The letter, which doesn’t appear to have been previously reported and was obtained by Marijuana Moment, states that while the coalition agrees the SAFE Banking Act “is an incremental step toward rolling back the federal prohibition of marijuana, it fails to help communities that have been historically and disproportionately devastated by United States’ punitive drug laws.”
“As the Senate Committee on Banking, Housing, and Urban Affairs considers similar legislation, we insist that the legislation include provisions that ensure equity in the marijuana industry by creating opportunities for individuals who have been prohibited from this growing business either by legal or financial means,” the letter, which was also signed by the Immigrant Legal Resource Center, Leadership Conference on Civil and Human Rights and National Association of Social Workers, states.
“Indeed, this Congress has shown it understands the economic impact of legalization. But while progress on the business side of legalization is promising, it is not sufficient. Federal marijuana legislation must be comprehensive and lead with equity, addressing past and current harms to communities of color and low-income communities who bore the brunt of the failed war on drugs. We demand that any marijuana reform or legalization bill considered by the Senate] include robust provisions addressing equity. More than simply adding equity provisions to bills that address industry concerns, we need comprehensive reform that deschedules marijuana and addresses the inequities and harms continually inflicted by the failed war on drugs.”
In other words, the groups are insisting on broad reform prior to a vote on a bill viewed as largely beneficial to the cannabis industry—similar to a request they made of House members prior to the legislation’s passage in the chamber.
Read the marijuana banking letters from the trade associations and civil rights groups below:
GOP Congressman Knocks His Party For Failing To Pass Marijuana Reform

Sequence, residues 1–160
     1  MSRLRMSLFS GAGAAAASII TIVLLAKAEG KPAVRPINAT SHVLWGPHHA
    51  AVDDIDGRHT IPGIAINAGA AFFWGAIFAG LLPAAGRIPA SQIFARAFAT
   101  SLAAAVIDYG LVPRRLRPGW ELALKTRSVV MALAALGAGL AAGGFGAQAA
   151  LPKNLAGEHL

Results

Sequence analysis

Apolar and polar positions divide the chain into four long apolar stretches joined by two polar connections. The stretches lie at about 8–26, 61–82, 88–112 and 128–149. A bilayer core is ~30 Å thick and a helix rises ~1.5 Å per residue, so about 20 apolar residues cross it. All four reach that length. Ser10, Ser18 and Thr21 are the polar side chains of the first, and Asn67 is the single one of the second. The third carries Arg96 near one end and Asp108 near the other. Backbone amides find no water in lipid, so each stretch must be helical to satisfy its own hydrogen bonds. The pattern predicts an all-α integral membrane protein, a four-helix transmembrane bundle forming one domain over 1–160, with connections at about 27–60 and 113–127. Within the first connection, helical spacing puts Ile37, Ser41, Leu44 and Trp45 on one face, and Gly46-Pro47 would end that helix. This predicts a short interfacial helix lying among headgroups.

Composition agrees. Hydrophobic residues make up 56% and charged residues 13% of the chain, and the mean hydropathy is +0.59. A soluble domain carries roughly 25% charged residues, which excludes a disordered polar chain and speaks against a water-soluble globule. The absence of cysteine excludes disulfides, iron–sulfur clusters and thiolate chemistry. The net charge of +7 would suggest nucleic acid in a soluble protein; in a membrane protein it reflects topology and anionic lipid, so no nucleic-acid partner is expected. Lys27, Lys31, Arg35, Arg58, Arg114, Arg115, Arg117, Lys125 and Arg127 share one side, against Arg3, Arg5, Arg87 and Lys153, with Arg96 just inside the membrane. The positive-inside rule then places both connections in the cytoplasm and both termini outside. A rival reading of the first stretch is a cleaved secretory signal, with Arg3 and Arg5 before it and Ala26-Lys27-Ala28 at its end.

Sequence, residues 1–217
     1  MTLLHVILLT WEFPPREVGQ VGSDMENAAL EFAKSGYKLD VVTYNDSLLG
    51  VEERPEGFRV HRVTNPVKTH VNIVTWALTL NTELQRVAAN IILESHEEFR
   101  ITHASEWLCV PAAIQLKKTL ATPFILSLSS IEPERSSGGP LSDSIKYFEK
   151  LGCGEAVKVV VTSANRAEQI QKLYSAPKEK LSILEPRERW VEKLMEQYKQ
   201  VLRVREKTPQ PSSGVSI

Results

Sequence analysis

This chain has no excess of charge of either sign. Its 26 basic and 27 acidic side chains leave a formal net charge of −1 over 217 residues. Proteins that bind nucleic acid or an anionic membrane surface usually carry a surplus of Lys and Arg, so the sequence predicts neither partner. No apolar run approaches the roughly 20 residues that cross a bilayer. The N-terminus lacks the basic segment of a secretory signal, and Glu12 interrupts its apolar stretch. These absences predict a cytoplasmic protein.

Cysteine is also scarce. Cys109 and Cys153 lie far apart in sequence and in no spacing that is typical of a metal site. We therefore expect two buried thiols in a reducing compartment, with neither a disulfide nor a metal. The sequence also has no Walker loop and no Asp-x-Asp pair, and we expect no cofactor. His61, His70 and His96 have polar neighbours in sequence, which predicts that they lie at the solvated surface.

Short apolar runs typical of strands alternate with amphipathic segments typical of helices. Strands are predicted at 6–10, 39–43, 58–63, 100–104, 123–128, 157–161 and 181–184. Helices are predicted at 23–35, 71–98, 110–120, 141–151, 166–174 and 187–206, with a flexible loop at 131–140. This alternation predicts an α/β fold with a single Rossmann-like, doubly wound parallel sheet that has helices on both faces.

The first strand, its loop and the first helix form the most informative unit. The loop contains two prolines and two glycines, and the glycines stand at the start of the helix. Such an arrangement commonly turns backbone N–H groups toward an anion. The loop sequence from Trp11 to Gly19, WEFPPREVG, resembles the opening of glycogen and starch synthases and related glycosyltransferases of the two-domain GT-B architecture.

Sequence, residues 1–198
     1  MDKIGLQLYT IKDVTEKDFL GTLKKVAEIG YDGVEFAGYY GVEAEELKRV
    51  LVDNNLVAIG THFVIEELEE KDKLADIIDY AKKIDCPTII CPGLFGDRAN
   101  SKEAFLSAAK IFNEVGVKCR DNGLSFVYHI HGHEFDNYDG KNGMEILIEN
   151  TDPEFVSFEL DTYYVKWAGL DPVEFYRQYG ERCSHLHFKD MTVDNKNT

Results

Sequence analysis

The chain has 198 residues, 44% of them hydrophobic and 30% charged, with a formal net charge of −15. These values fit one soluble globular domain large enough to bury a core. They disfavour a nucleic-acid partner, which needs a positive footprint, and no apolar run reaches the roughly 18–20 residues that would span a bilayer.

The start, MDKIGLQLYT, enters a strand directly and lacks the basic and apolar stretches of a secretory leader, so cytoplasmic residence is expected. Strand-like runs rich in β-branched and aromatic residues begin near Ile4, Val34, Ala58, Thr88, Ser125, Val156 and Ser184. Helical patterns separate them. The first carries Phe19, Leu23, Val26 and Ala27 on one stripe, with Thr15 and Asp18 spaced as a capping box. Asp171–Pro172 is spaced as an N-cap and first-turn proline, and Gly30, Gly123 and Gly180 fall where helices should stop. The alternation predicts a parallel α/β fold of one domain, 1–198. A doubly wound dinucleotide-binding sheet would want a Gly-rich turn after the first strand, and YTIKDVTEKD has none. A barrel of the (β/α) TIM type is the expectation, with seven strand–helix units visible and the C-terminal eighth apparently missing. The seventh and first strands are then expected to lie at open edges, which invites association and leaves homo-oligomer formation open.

A Republican congressman says that whichever party is responsible for passing federal marijuana reform will “instantly” shoot up in the polls, while lamenting the fact that the GOP failed to do so when they controlled the House.
Rep. Thomas Massie (R-KY), a vocal advocate for hemp, was asked by Fox Business host Kennedy on Wednesday whether cannabis should be rescheduled under federal law.
“Absolutely,” he said. “The first party that does this—and I don’t understand why either party won’t do it—is going instantly gain 10 points in the general poll on which party versus the other.”
“We should have done it when we were in the majority,” he added. “The liberals should be asking Pelosi why she hasn’t put it on the floor yet.”
The House Judiciary Committee approved legislation last month to end federal marijuana prohibition, but it hasn’t yet been scheduled for floor action.
Massie made similar points during an interview with Marijuana Moment earlier this year, stating that if Republicans had advanced states’ rights-focused marijuana legislation, “I think we might still be in the majority.”
Of course, while Massie has supported legislation to allow states to set their own cannabis policies without federal intervention, as well as other more modest reform measures such as protecting banks that service marijuana businesses, he’s so far declined to cosponsor any bills that seek to deschedule cannabis.
The congressman has also expressed interest in changing federal gun control laws to allow cannabis consumers to purchase firearms.
Though it’s not clear exactly how much of a boost either party would get by passing a marijuana reform bill, a Pew poll released last month does show that there’s majority support for legalization among those who lean Republican (55 percent) as well those who lean Democratic (78 percent).
Photo courtesy of YouTube/Rep. Massie.
State Department Warns Travelers About Flying With Cannabis Oil Internationally
The U.S. State Department is warning international holiday travelers that while hemp-derived CBD might be legal in the U.S., it can land you in trouble if you take it certain places abroad.
“Make sure your gift isn’t a fa la la la la la la la la fail,” the department said in a tweet on Thursday. “Bringing along gifts like drones, CBD oils, and firearms can land you in trouble in foreign countries. Research what is and isn’t allowed before you travel.”
(Marijuana Moment’s editor provides some content to Forbes via a temporary exclusive publishing license arrangement.)
Photo courtesy of Flickr/DHS.